Great power, not clinging to power,
has true power.
Lesser power, clinging to power,
lacks true power.
Great power, doing nothing,
has nothing to do.
Lesser power, doing nothing,
has an end in view.
The good the truly good do
has no end in view.
The right the very righteous do
has no end in view.
And those who act in true obedience to law
roll up their sleeves
and make the disobedient obey.
So: when we lose the Way we find power;
losing power we find goodness;
losing goodness we find righteousness;
losing righteousness we’re left with obedience.
Obedience to law is the dry husk
of loyalty and good faith.
Opinion is the barren flower of the Way,
the beginning of ignorance.
So great-minded people
abide in the kernel not the husk,
in the fruit not the flower,
letting the one go, keeping the other.
Le Guin’s commentary:
The vast, dense argument in a minimum of words, this poem lays out the Taoist values in steeply descending order: the Way and its power, goodness (humane feeling); righteousness (morality); and–a very distant last–obedience (law and order). The word I render as “opinion” can be read as “knowing too soon”: the mind obeying orders, judging before the evidence is in, closed to fruitful perception and learning.
We come to perhaps the most prescriptive poem in the text, in certain ways. Still, it demands nothing of you, but it does lay out a hierarchy, or order of virtues.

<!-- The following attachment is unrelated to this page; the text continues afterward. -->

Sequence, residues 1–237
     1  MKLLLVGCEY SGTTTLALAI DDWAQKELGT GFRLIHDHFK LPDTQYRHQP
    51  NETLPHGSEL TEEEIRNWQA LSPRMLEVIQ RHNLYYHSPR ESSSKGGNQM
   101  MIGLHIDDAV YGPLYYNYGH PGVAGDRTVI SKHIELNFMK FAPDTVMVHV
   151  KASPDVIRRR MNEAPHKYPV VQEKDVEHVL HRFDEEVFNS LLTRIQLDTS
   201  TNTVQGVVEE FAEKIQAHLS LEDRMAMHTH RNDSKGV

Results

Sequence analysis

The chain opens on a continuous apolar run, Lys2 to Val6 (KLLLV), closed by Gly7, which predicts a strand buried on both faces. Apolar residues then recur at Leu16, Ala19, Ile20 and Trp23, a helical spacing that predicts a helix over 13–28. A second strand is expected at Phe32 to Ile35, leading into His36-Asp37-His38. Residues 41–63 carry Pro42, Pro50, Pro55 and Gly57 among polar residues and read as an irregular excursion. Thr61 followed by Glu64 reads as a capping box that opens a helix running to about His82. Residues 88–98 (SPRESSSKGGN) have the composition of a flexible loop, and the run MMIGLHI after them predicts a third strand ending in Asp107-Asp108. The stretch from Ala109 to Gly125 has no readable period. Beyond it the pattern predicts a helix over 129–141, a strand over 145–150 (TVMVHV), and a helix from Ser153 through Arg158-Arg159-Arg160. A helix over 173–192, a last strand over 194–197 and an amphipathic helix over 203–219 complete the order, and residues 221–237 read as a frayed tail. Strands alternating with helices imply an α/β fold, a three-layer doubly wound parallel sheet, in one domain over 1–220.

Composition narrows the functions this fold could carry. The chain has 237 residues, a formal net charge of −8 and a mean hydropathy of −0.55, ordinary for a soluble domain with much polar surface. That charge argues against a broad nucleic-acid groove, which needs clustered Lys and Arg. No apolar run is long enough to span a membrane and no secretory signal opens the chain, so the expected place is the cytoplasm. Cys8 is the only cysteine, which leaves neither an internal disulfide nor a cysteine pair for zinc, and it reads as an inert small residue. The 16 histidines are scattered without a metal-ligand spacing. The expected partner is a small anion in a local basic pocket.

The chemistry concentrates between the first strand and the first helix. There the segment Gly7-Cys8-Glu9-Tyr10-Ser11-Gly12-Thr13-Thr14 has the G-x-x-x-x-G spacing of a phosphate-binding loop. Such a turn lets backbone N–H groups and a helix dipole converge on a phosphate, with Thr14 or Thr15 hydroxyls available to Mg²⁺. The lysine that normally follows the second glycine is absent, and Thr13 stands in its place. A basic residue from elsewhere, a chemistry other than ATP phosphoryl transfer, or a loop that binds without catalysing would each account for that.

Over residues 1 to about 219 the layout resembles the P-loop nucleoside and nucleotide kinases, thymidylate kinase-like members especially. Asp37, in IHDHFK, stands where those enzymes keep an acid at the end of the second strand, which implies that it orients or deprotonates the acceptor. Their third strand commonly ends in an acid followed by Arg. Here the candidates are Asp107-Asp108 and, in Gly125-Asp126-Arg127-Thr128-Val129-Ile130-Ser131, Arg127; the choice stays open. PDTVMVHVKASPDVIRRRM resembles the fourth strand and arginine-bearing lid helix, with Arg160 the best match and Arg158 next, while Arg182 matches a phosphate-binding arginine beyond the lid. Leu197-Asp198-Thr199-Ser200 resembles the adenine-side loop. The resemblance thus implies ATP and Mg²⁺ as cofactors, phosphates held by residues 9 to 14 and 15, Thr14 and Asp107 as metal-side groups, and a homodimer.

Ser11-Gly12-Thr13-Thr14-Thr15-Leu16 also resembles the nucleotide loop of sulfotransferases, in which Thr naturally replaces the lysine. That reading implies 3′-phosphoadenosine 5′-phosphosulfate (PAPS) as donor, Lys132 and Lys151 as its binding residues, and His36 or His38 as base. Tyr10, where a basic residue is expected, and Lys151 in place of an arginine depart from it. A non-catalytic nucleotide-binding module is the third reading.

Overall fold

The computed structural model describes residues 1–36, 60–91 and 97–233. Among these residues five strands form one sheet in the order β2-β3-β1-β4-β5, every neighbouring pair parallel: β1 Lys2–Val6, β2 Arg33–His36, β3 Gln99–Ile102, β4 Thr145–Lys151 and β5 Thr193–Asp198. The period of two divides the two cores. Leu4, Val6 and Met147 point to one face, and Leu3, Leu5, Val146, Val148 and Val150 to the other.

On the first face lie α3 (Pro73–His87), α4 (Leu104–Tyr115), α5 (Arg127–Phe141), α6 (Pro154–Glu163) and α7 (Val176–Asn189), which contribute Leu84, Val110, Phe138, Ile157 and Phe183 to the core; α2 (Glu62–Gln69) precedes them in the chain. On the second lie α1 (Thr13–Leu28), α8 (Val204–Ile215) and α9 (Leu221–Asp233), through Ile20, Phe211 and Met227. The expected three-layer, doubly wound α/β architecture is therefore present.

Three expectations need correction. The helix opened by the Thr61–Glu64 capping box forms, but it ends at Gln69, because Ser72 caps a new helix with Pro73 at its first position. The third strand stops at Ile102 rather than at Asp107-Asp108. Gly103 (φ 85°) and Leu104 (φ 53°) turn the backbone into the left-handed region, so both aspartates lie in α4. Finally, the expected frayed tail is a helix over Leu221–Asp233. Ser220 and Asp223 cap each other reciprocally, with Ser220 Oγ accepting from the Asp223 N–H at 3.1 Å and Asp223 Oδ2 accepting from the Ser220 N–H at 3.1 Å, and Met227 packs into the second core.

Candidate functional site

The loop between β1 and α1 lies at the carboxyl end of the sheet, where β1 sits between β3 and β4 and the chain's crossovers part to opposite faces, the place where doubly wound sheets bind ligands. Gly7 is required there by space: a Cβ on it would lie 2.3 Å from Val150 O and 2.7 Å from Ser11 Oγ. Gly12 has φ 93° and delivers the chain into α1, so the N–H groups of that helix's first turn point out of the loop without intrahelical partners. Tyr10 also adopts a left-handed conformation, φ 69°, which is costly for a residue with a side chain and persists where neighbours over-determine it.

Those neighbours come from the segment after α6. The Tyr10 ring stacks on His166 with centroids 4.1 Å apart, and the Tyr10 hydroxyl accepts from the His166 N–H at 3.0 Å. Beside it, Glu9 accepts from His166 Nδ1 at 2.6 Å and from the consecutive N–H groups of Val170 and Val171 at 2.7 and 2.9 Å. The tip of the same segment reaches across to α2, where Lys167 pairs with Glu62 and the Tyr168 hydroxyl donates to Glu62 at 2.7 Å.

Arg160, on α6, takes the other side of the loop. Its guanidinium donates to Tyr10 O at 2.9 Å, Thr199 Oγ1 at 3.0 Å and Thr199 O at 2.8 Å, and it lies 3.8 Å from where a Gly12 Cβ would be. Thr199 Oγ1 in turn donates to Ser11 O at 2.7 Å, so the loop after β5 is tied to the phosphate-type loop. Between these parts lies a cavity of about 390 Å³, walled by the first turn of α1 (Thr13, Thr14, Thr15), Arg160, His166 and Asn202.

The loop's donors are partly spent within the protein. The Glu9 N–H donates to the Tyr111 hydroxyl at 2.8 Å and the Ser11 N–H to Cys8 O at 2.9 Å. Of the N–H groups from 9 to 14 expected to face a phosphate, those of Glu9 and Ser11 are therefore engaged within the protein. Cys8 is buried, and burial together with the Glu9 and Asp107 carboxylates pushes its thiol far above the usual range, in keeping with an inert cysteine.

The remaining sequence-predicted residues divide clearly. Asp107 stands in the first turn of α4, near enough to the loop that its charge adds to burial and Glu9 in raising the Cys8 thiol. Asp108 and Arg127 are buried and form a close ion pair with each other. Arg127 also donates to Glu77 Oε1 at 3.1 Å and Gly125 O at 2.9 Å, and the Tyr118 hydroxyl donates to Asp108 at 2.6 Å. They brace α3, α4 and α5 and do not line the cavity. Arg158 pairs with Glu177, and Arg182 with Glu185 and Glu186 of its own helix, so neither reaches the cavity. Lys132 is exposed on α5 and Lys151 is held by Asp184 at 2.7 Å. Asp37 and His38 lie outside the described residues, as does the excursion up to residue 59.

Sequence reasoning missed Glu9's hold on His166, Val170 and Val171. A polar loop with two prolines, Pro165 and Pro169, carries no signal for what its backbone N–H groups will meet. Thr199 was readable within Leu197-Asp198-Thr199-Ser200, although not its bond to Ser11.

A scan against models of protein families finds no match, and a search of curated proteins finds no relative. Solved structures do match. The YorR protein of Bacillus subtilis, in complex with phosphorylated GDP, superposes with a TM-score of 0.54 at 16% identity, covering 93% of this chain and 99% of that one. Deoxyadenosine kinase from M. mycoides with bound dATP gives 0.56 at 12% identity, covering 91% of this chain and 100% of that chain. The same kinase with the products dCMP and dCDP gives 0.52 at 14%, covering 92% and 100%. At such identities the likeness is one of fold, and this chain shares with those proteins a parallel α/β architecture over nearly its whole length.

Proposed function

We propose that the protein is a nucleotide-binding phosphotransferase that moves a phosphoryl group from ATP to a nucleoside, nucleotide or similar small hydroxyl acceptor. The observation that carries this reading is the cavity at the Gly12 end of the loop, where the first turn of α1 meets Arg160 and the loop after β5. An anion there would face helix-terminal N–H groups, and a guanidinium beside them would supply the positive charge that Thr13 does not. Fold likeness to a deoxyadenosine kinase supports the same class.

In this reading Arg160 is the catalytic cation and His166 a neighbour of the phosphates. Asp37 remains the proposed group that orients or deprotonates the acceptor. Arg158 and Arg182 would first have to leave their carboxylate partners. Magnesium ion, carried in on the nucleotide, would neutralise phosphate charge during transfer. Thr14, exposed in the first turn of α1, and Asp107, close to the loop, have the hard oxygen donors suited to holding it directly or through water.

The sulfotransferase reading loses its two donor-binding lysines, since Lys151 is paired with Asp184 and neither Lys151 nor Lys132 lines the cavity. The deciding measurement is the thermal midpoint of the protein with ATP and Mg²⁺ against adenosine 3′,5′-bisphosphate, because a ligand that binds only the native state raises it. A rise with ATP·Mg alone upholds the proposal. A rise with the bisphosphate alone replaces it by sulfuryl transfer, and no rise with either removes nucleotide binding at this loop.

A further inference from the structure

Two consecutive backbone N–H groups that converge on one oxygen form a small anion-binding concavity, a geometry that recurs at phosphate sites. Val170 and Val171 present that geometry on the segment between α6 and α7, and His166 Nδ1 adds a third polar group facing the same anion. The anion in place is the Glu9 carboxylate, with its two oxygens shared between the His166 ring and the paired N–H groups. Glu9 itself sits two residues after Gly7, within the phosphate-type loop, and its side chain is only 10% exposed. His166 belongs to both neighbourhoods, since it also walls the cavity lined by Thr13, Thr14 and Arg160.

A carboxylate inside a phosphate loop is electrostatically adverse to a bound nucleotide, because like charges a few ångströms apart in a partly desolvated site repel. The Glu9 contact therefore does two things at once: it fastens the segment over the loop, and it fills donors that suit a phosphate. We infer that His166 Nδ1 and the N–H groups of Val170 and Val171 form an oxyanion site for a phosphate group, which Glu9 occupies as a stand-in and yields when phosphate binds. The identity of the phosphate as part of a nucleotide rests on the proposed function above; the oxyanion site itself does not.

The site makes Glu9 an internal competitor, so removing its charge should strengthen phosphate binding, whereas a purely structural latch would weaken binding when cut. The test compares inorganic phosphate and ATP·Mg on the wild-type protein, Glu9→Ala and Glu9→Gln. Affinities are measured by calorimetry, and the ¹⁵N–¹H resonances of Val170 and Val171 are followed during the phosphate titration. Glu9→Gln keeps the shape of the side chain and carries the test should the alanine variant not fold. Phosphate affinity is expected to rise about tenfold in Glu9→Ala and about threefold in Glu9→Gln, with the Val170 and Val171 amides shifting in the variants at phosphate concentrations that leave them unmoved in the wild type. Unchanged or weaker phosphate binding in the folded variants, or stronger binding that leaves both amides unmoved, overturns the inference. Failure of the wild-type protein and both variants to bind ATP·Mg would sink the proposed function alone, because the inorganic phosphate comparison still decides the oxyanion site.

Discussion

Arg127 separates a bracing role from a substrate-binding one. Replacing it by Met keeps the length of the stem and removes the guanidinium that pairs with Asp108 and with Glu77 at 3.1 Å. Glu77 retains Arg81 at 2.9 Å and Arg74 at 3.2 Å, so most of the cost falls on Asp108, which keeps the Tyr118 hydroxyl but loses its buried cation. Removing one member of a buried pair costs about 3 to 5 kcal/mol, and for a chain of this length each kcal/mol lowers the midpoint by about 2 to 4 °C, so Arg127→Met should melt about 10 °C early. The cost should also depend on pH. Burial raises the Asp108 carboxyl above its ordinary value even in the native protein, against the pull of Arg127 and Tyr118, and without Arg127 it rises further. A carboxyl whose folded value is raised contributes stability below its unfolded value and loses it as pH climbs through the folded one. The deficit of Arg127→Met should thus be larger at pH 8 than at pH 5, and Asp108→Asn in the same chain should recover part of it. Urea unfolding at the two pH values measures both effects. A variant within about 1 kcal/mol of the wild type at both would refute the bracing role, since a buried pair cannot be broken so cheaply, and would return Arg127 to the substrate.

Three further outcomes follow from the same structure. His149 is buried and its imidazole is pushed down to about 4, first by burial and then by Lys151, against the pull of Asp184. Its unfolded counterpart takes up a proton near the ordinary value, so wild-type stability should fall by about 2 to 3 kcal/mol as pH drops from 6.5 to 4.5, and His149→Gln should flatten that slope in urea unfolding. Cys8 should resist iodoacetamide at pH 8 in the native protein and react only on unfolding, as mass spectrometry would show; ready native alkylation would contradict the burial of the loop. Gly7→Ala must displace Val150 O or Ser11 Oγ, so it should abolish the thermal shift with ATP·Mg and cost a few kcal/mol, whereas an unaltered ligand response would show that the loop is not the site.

It’s shockingly similar to theories proposed by psychologists and psychoanalysts like Erik Erikson, where obedience is among the lowest orders of moral development. The Tao, of course, doesn’t top those lists, but it’s interesting to think of the differences there.
What we come to, here, is the pettiness of force. Of law and order. To demand that one simply obey because you want them to obey is surely the poorest way to interact with another human. It’s the way we treat pets. Even there, it’s kind of an unpleasant way to have a relationship.
But if all you have is force and the ability to make people obey, you have very little indeed. Very little power and very little leverage, for the moment you stop exerting force, they’ll probably begin again to disobey.
When following the Tao, people will follow you. Not because you force them, but because they’ll be drawn to you. To be like you. In a way, it’s a form of obedience, but it’s a voluntary and spontaneous kind. There’s no risk or reward involved. Only choice.
That, to me, is kind of the essence of the Tao.
If you must use force to get your way, you’ve already lost.
If people follow you spontaneously and voluntarily, then you may be doing something worth doing.